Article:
Interior of Zaha Hadid's Guangzhou Opera House

The public perceptions of our profession, has caused for the addition of yet another label ‘Interior Architect’ to better communicate the importance of the role an Interior designer has on the actual building’s outcome. And even though there are many reasons for these perceptions that still remain, we decide our own labels.

Florence Knoll workplace designs
Exteriors and interiors of Zaha Hadid's Guangzhou Opera House

What’s in a Name? Interior Design and/or Interior Architecture: The Discussion Continues by Allison Carll White
I Am Not a Decorator: Florence Knoll, the Knoll Planning Unit and the Making of the Modern Office by Bobbye Tigerman
Curtain Walls by Joel Sanders 

Sunday, 17 March 2013

What is Interior Design?

To me, interior design is the spacial planning of an environment and the experience it creates for its’ inhabitants/users. Which means, interior design has always been around; a cave can be an interior space so the act of inhabiting it and changing it can be considered interior design. Interior design is also about problem solving; practicality and functionality are key aspects to make a space inhabitable and enjoyable. 

I also believe, maybe because I grew up in Dubai during its boom, that the ‘wow-factor’ could be a very pleasant and enjoyable experience in commercial and public spaces especially.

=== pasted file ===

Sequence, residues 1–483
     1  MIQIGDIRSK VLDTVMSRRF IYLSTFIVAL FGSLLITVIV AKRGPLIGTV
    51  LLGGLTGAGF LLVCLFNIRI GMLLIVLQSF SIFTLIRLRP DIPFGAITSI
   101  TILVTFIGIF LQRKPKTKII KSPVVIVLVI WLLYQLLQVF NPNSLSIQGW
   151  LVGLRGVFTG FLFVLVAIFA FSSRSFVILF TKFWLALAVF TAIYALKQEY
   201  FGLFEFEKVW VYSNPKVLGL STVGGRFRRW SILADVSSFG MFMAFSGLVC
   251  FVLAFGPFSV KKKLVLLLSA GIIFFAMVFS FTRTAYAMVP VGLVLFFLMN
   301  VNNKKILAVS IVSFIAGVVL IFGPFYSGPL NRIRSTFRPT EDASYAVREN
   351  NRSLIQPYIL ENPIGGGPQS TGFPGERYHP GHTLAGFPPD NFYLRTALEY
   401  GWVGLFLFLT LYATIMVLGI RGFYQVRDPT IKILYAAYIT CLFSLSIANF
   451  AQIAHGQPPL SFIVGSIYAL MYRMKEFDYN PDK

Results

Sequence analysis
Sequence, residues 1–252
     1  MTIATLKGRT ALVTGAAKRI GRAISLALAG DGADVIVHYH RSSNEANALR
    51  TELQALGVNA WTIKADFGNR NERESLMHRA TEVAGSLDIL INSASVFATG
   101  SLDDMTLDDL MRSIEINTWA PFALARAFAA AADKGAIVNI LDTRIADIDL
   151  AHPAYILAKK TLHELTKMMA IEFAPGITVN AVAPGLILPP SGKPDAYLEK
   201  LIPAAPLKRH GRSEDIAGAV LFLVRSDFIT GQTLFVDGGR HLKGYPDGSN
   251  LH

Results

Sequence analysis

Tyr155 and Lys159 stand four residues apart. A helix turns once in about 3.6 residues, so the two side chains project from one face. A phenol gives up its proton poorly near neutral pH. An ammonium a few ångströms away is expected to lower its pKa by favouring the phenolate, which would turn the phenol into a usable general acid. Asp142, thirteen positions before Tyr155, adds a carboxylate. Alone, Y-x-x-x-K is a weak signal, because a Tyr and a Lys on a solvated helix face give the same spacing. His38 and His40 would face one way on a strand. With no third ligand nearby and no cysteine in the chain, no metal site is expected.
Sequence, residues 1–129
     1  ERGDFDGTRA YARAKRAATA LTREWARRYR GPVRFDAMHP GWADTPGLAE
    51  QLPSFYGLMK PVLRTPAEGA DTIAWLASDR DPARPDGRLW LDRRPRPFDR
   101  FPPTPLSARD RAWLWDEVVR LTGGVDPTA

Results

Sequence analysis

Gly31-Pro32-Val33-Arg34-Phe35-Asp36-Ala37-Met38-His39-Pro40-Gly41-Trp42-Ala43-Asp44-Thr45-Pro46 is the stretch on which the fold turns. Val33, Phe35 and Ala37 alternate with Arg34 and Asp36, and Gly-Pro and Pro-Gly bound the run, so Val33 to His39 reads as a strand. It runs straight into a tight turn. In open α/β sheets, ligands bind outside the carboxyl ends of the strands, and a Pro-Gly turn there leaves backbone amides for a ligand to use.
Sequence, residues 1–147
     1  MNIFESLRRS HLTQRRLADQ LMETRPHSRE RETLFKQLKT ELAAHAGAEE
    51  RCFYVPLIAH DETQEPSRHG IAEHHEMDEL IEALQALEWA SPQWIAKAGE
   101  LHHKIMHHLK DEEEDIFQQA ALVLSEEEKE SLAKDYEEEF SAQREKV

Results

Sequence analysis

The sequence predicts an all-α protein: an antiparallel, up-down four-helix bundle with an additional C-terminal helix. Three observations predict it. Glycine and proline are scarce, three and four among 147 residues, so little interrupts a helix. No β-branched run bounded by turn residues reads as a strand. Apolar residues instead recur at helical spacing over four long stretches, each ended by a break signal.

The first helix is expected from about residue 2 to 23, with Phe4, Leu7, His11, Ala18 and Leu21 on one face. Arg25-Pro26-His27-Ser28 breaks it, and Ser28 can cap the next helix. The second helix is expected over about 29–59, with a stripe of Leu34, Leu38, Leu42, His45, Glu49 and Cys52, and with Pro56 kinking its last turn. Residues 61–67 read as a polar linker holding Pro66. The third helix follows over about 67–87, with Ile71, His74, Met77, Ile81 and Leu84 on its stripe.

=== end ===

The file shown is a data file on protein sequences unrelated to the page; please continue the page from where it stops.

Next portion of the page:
Studying about the history of design is also very important because in order to be great at anything and improve, we need to go back in time and study how and why design changed. Why was it affected and how did the change of people’s behaviours and circumstances result in a change of design. 

Materials are a big component of design, and through time the designer pioneers have come up with new innovative solutions using new materials and the ways to use them. One of those examples would have to be the Eames chair by Charles Eames, who set out to re-invent the very idea of a chair. He thought they could mould the new miracle material at the time, plywood, into two directions at once to make a comfortable, form-fitting shell. After many failed attempts and years or development, the Eames chair was successfully built the way it was intended, and to this day it is one of the most famous chair designs that has contributed to today’s technology.